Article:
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July 29th, 2011, 12:03 AM   #1
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Variables and unknown constants?

Hi,



Through a maths course I have been learning about differentiating inverse trig functions. I just learnt the rule:





I understand how to use the rule and how to prove the rule.




I was recently shown a question and to solve it they did

And then continued making it more elegant






But what I dont understand is why were they able to use the same rule and just sub it into the end?




I mean if you got

You couldnt just say that






Because that would be wrong because you need to use chain rule.




So why can a be pretty much anything but x must remain as x for you to be able to use the rule?



I tried to ask my teacher and he said it is because a is a constant. That confused me even more because I am not sure what the difference is between a variable and an unknown constant. Seeing as they both can take on any value.



Do constants have some sort of property where you can replace them for anything in a rule and the rule still works while variables cant be replaced without creating a new rule?



Sorry if this is worded badly I am having a bit of trouble trying to explain why I am confused. I would really appreciate any help.



Thank you
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July 29th, 2011, 12:08 AM   #2
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Re: Variables and unknown constants?

Since you are differentiating with respect to x, any expression or term not containing x, or a function of x, is treated as a constant during the differentiation.
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July 29th, 2011, 12:21 AM   #3
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Re: Variables and unknown constants?

Quote:
Originally Posted by MarkFL
Since you are differentiating with respect to x, any expression or term not containing x, or a function of x, is treated as a constant during the differentiation.
Thanks for the quick reply. Ok so I understand that "a" is a constant but why is it that you can replace constants for anything (in this case ) and just sub the new value into making it . But you can't do the same for variables and replace with and sub that into making it . Is there some property of constants that allows you to do that?
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July 29th, 2011, 05:09 AM   #4
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Re: Variables and unknown constants?

That's just like saying then . You can only do such things with constants, because in your case is also a constant.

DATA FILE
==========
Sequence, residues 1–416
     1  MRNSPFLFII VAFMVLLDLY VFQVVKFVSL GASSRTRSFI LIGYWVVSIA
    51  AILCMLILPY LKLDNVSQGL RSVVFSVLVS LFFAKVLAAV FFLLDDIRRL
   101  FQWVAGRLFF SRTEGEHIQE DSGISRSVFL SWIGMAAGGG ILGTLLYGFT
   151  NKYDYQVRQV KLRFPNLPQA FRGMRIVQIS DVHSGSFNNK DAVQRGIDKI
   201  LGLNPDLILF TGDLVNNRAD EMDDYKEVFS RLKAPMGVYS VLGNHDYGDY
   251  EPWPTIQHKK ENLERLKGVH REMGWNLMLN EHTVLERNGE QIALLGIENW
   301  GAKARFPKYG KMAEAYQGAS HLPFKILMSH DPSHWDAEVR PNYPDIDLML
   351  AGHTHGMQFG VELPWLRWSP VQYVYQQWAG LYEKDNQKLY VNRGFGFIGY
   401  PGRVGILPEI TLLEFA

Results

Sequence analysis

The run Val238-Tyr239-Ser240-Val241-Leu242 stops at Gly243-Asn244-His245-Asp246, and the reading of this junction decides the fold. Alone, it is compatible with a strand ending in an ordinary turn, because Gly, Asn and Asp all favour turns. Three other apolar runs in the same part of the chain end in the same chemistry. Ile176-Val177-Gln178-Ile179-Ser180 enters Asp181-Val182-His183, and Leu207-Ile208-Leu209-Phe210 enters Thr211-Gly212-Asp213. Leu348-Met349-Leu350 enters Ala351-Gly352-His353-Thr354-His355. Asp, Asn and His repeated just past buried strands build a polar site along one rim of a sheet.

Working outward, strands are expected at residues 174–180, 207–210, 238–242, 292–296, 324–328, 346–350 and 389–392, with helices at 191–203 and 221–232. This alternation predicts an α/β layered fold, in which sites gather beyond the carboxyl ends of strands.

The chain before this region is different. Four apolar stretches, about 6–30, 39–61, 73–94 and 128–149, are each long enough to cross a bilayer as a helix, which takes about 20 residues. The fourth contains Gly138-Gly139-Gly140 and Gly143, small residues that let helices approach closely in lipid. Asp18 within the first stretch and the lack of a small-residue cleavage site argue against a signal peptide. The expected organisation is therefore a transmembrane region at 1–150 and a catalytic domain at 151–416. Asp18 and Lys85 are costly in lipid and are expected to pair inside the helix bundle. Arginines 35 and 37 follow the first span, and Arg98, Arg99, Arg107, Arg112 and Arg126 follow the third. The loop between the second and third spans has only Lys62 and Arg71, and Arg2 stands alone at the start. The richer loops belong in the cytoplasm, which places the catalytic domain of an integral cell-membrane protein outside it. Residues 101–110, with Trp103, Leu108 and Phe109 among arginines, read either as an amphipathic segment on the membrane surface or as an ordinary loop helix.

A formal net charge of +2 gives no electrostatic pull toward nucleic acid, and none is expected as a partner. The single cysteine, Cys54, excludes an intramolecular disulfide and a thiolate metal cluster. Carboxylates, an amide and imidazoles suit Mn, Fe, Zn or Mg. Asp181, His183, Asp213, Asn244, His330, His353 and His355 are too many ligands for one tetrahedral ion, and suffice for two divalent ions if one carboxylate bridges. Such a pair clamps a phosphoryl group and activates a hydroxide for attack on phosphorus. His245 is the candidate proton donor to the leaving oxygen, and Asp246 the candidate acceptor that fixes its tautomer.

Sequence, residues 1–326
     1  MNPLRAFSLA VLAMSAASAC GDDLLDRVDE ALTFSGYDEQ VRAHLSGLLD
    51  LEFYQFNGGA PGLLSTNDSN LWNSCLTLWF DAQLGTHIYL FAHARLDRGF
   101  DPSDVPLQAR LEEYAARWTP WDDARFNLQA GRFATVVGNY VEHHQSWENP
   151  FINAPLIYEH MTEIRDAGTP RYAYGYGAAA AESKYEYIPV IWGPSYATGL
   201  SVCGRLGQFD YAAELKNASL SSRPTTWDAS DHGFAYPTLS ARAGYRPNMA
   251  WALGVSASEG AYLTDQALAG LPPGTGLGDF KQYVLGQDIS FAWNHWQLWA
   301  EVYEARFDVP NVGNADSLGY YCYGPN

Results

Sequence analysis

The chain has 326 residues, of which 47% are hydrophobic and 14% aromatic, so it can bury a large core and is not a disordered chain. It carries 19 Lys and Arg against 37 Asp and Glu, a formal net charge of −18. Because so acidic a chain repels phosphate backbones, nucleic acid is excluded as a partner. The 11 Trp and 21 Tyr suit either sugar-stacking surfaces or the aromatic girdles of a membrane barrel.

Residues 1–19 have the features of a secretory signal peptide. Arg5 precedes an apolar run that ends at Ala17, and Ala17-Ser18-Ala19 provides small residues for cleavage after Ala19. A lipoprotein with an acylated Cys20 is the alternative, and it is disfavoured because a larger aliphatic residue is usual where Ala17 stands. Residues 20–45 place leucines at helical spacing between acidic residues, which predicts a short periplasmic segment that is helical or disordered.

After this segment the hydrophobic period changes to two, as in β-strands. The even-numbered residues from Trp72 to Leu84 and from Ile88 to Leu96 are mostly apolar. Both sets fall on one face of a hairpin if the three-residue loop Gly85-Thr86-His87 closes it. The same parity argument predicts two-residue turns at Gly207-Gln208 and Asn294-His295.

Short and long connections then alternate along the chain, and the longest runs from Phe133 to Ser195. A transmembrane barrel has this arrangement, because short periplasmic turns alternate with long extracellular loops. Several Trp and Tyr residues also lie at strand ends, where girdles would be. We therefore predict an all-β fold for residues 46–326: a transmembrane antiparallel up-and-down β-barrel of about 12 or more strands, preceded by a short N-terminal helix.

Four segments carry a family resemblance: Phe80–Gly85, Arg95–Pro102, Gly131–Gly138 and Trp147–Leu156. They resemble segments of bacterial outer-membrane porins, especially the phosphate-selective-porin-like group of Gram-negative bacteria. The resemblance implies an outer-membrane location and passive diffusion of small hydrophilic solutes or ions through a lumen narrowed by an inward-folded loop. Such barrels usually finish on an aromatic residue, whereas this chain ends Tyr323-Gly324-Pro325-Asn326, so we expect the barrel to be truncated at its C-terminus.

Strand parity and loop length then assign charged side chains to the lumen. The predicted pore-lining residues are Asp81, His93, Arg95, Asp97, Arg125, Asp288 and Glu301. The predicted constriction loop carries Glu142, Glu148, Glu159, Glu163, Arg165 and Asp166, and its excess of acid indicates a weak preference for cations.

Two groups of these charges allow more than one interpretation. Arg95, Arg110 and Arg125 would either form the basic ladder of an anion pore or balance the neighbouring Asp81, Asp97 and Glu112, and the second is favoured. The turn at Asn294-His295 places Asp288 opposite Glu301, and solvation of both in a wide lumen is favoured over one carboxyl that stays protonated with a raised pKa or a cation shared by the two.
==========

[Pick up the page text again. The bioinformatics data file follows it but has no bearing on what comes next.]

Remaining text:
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July 30th, 2011, 11:53 AM   #5
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Re: Variables and unknown constants?

Quote:
Originally Posted by delta_salt
Is there some property of constants that allows you to do that?
As [color=#00AA00]MarkFL[/color] pointed out, the value of the constant remains the same no matter what the value of the variable we are differentiating with respect to (in this case, x). The constant's rate of change, with respect to x, is zero. Using a letter in place of a specific number allows us to generalize statements to accommodate any given constant, so rules of differentiation and the like can be written more compactly.

Any operation applied to a constant cannot involve x, otherwise the value of the constant would depend on x and we would have to account for that when we differentiate. Performing an operation on a constant that does not involve x results in another constant, i.e. its value does not depend on x, and its rate of change w.r.t.x. remains zero.
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July 31st, 2011, 02:33 AM   #6
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Re: Variables and unknown constants?

Suppose the problem had been to differentiate , would you have had any problem using the fact that the derivative of is to say that the derivative of is just by replacing the symbol "a" by the number "5"? I would hope not- that is the whole point of algebra! We can use letters to represent numbers and replace them any way we wish. And if a represents "any number", the surely is also a number! We are simply replacing "a", which represents any number, by which also represents a number.
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July 31st, 2011, 06:01 AM   #7
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Re: Variables and unknown constants?

Thanks so much for the replies. I get it now!
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